The Vector 180 is exactly what one might expect from a new OCZ SSD. It combines the company's proprietary Barefoot 3 controller with the latest NAND from parent company Toshiba. Adopting new flash doesn't make for a terribly exciting narrative, but it's crucial to keeping up with the competition in an increasingly price-sensitive market. The update also underscores the fact that OCZ is owned by one of the largest flash makers in the business. Only a handful of SSD vendors have such a close relationship with a major NAND manufacturer.
There's more to the Vector 180 than just A19 flash. This is OCZ's first Barefoot drive to hit 960GB, an important milestone considering how many other SSDs have already joined the terabyte club. The additional power-loss protection is a nice touch, too, even if it doesn't protect in-flight data. And then there's the advanced replacement policy tied to the Shield Plus warranty, a perk I wish more SSD vendors would offer.
The Vector 180 also arrives alongside new a SSD Guru utility that looks much improved over OCZ's previous software. SSD Guru features an updated UI with at-a-glance details on the drive's capacity, health, interface, and firmware. It can notify users when fresh firmware is available and shepherd them through the update process. OCZ has also added the ability to optimize system settings and adjust the drive's overprovisioning percentage, among other functions.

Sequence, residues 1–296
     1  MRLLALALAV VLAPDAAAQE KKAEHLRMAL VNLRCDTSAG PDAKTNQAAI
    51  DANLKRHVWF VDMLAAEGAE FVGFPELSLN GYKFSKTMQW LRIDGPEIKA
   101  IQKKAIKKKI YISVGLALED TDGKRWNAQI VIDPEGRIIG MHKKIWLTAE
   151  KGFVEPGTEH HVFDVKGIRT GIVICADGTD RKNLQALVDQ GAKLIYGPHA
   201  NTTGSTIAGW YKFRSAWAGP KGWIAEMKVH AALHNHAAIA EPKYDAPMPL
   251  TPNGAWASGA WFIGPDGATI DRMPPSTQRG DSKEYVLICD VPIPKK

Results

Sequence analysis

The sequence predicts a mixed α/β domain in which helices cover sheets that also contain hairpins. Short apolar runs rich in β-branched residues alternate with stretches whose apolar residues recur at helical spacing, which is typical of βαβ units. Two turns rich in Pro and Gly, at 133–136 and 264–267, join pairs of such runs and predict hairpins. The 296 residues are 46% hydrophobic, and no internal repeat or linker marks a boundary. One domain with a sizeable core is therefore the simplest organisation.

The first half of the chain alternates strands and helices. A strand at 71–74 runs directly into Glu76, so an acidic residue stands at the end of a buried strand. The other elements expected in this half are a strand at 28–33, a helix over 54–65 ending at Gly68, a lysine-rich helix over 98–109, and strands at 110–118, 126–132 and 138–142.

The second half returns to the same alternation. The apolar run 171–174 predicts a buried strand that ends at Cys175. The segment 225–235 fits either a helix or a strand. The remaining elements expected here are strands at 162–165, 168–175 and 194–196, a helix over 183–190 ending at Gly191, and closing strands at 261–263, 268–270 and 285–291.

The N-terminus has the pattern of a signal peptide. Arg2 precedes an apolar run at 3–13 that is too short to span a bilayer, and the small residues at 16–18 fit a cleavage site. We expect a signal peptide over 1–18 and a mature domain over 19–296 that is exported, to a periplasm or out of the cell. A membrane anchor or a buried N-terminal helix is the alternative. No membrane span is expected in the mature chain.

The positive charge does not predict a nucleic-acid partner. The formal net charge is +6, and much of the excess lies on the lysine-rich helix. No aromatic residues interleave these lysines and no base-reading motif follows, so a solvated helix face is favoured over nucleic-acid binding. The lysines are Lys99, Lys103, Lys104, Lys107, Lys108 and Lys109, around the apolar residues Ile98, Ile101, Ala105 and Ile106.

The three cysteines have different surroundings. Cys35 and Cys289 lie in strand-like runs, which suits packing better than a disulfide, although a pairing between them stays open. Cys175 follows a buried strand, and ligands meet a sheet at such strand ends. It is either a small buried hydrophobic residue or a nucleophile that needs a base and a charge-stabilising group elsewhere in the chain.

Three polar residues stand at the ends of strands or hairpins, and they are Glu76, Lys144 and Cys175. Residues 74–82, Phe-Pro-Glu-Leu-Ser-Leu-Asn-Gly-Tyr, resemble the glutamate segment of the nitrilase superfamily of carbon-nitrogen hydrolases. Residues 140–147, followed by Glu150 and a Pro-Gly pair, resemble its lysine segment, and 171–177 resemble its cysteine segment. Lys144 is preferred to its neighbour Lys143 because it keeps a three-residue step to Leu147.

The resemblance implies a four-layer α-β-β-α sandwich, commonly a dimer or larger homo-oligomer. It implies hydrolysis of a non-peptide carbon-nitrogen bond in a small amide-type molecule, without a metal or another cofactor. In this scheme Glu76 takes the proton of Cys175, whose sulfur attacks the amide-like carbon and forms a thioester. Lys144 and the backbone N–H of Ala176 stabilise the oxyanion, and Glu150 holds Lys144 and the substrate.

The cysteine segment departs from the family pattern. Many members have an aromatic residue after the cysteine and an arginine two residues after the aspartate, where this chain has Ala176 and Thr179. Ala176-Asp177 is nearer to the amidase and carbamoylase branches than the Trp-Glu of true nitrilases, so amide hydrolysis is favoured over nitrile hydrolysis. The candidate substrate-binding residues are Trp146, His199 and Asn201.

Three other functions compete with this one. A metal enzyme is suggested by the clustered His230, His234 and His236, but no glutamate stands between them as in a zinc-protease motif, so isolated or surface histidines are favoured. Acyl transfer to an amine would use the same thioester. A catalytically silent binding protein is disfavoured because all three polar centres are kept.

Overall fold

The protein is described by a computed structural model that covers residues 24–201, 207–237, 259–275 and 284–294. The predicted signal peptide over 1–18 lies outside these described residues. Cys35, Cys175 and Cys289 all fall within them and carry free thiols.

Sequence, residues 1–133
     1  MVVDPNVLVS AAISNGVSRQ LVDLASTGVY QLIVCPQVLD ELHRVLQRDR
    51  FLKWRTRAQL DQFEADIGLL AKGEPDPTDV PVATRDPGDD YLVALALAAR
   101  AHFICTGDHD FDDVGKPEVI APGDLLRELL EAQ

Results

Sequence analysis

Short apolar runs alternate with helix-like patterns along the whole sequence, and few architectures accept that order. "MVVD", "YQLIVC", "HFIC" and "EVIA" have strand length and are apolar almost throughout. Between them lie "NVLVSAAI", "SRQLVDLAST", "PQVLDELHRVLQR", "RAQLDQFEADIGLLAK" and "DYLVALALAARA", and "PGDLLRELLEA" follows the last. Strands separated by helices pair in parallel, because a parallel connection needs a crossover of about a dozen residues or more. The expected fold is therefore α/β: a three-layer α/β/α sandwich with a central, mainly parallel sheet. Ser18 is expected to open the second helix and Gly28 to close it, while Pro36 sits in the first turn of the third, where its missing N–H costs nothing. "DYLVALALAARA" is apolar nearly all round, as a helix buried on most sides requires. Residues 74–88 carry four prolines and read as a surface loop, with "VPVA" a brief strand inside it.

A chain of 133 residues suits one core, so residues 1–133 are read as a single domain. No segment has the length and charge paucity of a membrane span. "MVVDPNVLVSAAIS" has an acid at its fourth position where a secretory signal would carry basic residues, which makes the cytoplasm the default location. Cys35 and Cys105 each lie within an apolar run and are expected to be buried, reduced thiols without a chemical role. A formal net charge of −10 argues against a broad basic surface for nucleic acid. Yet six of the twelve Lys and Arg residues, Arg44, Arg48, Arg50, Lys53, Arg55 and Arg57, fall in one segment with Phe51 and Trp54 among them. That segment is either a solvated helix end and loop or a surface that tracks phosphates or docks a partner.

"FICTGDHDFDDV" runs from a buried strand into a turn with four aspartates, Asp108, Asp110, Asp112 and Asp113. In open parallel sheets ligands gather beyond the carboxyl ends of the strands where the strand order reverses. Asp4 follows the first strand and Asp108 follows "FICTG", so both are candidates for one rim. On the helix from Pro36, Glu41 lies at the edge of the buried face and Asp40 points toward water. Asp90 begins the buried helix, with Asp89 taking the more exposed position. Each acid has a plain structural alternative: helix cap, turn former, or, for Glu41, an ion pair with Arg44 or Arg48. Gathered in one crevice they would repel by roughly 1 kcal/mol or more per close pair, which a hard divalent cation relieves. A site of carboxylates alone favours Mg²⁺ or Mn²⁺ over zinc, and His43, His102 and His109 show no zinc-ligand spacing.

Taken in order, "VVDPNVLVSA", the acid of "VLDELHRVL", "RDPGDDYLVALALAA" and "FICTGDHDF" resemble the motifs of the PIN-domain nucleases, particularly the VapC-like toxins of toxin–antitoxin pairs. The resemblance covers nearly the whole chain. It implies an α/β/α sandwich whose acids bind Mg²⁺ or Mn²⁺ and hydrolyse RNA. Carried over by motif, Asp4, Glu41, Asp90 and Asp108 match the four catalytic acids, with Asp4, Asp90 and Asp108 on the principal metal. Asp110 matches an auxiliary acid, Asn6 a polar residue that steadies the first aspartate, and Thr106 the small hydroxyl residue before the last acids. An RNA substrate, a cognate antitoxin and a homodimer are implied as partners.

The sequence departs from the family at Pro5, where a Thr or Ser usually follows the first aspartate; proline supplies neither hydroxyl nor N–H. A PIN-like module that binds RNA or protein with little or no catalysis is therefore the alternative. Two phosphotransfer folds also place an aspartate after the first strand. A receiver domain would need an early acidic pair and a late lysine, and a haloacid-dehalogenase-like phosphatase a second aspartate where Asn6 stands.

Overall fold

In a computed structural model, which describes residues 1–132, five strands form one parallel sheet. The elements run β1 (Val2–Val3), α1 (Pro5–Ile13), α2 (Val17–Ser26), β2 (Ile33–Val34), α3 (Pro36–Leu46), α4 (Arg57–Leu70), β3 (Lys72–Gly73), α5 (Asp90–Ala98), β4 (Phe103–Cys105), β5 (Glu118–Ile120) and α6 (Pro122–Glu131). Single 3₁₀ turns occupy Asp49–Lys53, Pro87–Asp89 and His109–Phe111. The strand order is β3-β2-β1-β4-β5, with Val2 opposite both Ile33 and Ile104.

The only thing that's really missing from the Vector 180 is more robust encryption support—specifically, compatibility with the IEEE and TCG Opal standards required by Microsoft's eDrive scheme. That's a notable omission given the Vector's upscale pricing. To be fair, though, encryption tends to be more popular in corporate circles than among consumers. The Vector's more basic implementation shouldn't be a deal-breaker for most folks.
We need to run some more tests to get a fuller sense of the Vector 180's performance, but the results we have so far are encouraging. The old Vector 150 is one of the fastest SSDs we've ever tested, and for the most part, its successor is a step ahead. Couple those performance chops with OCZ's improving reliability reputation, and the Vector 180 looks like a strong contender.
40 comments — Last by derFunkenstein at 11:38 AM on 03/30/15
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